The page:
propecia online sales propecia online buy propecia online propecia buy propecia propecia online pharmacy propecia online propecia online buy propecia online buy propecia online online propecia propecia online sales propecia online propecia buy propecia propecia online buy propecia online propecia online propecia buy propecia propecia online propecia online propecia online sales propecia online pharmacy buy propecia online online propecia propecia online sales buy propecia online buy propecia 5mg propecia online 5mg 5mg propecia online propecia online sales propecia online propecia online sales propecia buy propecia online propecia online propecia propecia buy online propecia online propecia online propecia online propecia propecia online propecia online propecia online propecia buy propecia propecia online propecia buy propecia online propecia propecia online
|Officials scour nearby canyons for new water sources|
|Written by James Bourland|
|Monday, 13 December 2010 22:19|
There's gold in them there hills.
Liquid gold, that is.
Tombstone Public Works Director Philip Korte with Alan O'Brien of Gannett Fleming – an engineering consulting firm – and a few other city employees drove south on Charleston Road to the Huachuca Mountains recently, in an effort to clear debris from springs that are part of the Tombstone water system.
"We're cleaning the leaves to keep this from flowing down to our reservoir. This water, coming out of these springs naturally, drops into the pipe that goes to Tombstone." Korte explained, motioning over his shoulder as he drove a city truck to the base of Miller and Carr canyons. "It's going to make the system work a lot more efficiently and all of it be within ADEQ (Arizona Department of Environmental Quality) limits and regulations."
Clearing the springs is critical to the city's water system because they are the city's primary sources of. Three springs in Miller Canyon and two springs in Carr Canyon feed into Tombstone's million-gallon reservoir, located just south of the city.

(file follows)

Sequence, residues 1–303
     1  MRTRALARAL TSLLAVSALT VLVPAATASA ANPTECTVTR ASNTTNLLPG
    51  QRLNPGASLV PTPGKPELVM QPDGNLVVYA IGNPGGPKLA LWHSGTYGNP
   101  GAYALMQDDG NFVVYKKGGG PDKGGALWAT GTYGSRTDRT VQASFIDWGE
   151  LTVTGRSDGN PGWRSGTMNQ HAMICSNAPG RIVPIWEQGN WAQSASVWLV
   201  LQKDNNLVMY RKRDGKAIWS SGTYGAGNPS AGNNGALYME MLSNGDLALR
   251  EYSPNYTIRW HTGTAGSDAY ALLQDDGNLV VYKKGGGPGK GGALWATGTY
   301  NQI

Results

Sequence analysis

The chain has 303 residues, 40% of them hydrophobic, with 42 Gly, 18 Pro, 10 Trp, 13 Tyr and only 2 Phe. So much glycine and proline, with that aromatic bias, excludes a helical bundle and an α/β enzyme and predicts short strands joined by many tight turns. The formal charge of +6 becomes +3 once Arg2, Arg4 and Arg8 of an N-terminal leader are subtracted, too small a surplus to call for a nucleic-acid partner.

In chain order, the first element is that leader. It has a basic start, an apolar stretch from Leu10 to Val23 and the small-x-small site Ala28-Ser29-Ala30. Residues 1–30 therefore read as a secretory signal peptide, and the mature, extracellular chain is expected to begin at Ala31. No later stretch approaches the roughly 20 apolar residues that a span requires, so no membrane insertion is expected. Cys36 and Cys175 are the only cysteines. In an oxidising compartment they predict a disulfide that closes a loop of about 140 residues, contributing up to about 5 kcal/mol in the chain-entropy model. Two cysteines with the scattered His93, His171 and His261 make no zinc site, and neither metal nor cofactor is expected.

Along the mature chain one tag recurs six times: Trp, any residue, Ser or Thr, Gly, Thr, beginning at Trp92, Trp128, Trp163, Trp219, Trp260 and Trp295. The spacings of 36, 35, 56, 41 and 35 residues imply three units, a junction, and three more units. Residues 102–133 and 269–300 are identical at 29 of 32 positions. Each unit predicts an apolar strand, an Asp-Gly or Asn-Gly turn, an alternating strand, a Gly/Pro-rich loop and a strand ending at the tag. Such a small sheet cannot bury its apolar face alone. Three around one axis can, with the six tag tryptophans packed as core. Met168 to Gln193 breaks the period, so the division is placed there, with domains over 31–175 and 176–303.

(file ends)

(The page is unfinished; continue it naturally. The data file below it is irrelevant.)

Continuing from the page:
Spring water is mixed with the city's three groundwater wells to help keep their arsenic levels down. Tombstone, with a population of 1,500, on average uses just under 53 million gallons a year.
While the check dams of Miller Springs were quickly cleaned, Korte and O'Brien continued on in search of breaks in the water lines leading to Gardner Springs, the canyon's highest source of water at 6,600 feet.
"We (Gannett Fleming) just completed an arsenic mitigation study for (Tombstone) for blending," O'Brien said, balancing himself on a large boulder. "One of the wells has high arsenic. We're looking at blending (it) with another source to bring that level down to within the potable water guidelines."
The two quickly found a break in the galvanized waterline, with one end capped off, and the other filled with pink and yellow leaves fallen from forest trees.
Using the dry pipe as a guide, the two continued through the uneven landscape, climbing over fallen trees, skipping from rock to rock and pushing though low-lying branches.
Korte joked about the irony of O'Brien and him looking for water. In the days of the pioneers, gold was most likely the reason anyone would hike to the springs.
After a few hours of hiking through the rocky, forested terrain, Korte and O'Brien headed toward the Miller Canyon trail, looking for an easier climb to Gardner Springs.
The tandem quickly slid down a steep embankment filled with dead leaves and thick brush, down to Gardner Springs.
Korte rushed to the tiny, icy waterfall flowing from a small crevice between the rocks. He and O'Brien quickly photographed the pool of water – what could extend the life of Tombstone's water supply.
Korte and O'Brien estimated the spring's flow at close to 50 gallons per minute –enough to prolong Tombstone's water supply by at least a couple decades.
"It's going to ensure the water for this community with the wells that we have, once we get this system all fixed and back up to operating conditions," Korte said.
Though the team was elated to 'rediscover' the unused spring, questions about the feasibility of building the connecting pipes became a talking point on the way down from the spring.
After climbing out of the canyon by way of the same steep embankment, it was clear that reconnecting the pipes would require a large yet environmentally sound effort to deliver water to Tombstone.
"You can't get up here with equipment," said Korte. "It's not, 'come in here and stomp all over Mother Nature just so we can have water."
The two returned to the public works office and said their findings would be enough to get the ball rolling on pipe reconstruction at Gardner Springs. More research would need to be done before Korte presents his assessment to the
"Now we have to sit down and figure out where we go from here," Korte said.
"It's probably going to be a month or so...We're going to have to make one more trip up and take measurements and do all kinds of stuff before we go any further."